what's the buzz

what's the buzz

2 questions to help in identifying alcoholics 

A new study has claimed that two easy questions could help determine potential or real drinking problem in people. The research alleged that a general practitioner could inquire these two questions “How often do the person have six or more drinks on one occasion?” and “As a result of a person’s drinking or drug use, did anything happened in the last year that they wish didn’t happen?” to detect hidden alcohol abuse, the Independent reported. 

Scientists from the University of Leicester, led by consultant in psycho-oncology Alex Mitchell found that the “optimal approach appeared to be two questions” followed by a possible four more and if that was completed then it “achieved an overall accuracy of 90.9 per cent and required only 3.3 questions per attendee.” If the two questions were used alone it correctly identified alcohol abuse in 87.2 per cent of cases as well as correctly identifying those who do not suffer with alcohol problems in 79.8 per cent of cases. Too large a questionnaire could be a long and drawn-out task to administer to each patient. 
Simple blood test to predict Alzheimer 

Researchers have reached a step closer to Alzheimer’s treatment by coming up with a new blood test which can predict the commencement of the disease in people.  Scientists from King’s College London and UK proteomics company, Proteome Sciences plc, analysed over 1,000 individuals, and have identified a set of 10 proteins in the blood which can foresee the start of disease, marking a significant step towards developing a blood test for the disease. The researchers used data from three international studies. Blood samples from a total of 1,148 individuals (476 with Alzheimer’s disease; 220 with ‘Mild Cognitive Impairment’ (MCI) and 452 elderly controls without dementia) were analysed for 26 proteins previously shown to be associated with Alzheimer’s disease. Lead author of the study Dr Abdul Hye, said that the proteins could predict whether someone with early symptoms of memory loss, or mild cognitive impairment, would develop Alzheimer’s disease within a year, with a high level of accuracy. Professor Simon Lovestone, senior author of the study added that Alzheimer’s begins to affect the brain many years before patients are diagnosed with it and most of the drug trials fail because by the time patients were given the drugs, the brain had already been too severely affected. A simple blood test could help in identifying patients at a much earlier stage to take part in new trials and hopefully develop treatments which could prevent the progression of the disease.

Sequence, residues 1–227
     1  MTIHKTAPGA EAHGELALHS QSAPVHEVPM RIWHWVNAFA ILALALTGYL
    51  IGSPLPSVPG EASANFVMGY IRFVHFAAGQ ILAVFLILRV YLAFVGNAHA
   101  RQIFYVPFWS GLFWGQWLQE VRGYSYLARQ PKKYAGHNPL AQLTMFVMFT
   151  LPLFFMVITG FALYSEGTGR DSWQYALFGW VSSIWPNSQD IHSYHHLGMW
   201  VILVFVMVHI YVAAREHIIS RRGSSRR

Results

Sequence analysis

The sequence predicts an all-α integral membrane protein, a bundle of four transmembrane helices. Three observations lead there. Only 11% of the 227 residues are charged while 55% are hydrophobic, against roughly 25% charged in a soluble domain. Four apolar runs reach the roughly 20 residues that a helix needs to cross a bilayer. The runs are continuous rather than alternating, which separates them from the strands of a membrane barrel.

Sedentary behaviour detrimental for heart

A new study has revealed that sedentary behaviours may lower cardiorespiratory fitness levels.

According to the study by cardiologists at UT Southwestern Medical Center, two hours of sedentary behaviour can be just as harmful as 20 minutes of exercise is beneficial.The researchers said that sedentary behaviour may be an important determinant of cardiorespiratory fitness, independent of exercise and the negative effect of six hours of sedentary time on fitness levels was similar in magnitude to the benefit of one hour of exercise. Jarett Berry, Assistant Professor of Internal Medicine and Clinical Science and senior author of the study, said that previous studies have reported that sedentary behaviour was associated with an increased risk for cardiovascular outcomes; however, the mechanisms through which this occurs are not completely understood. Berry added that their data suggest that sedentary behaviour may increase risk through an impact on lower fitness levels, and that avoiding sedentary behaviour throughout the day may represent an important companion strategy to improve fitness and health, outside of regular exercise activity.

The study also found that when sitting for prolonged periods of time, any movement is good movement, and was also associated with better fitness and if one is stuck at your desk for a while, then they should shift positions frequently, get up and stretch in the middle of a thought, pace while on a phone call, or even fidget.

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